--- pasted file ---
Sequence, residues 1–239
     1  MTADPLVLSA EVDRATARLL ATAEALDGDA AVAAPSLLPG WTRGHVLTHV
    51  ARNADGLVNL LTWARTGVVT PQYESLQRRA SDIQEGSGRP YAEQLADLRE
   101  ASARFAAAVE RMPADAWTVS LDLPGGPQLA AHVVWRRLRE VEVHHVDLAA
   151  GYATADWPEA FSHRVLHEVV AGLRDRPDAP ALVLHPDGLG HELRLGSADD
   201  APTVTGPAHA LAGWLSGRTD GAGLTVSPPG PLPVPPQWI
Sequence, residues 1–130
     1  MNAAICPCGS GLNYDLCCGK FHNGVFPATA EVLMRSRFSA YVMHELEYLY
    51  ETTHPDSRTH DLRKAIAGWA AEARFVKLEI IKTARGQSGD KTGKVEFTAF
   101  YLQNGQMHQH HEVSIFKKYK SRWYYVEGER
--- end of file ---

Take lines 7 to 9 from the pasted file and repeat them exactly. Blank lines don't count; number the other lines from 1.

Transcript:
Sequence, residues 1–130
     1  MNAAICPCGS GLNYDLCCGK FHNGVFPATA EVLMRSRFSA YVMHELEYLY
    51  ETTHPDSRTH DLRKAIAGWA AEARFVKLEI IKTARGQSGD KTGKVEFTAF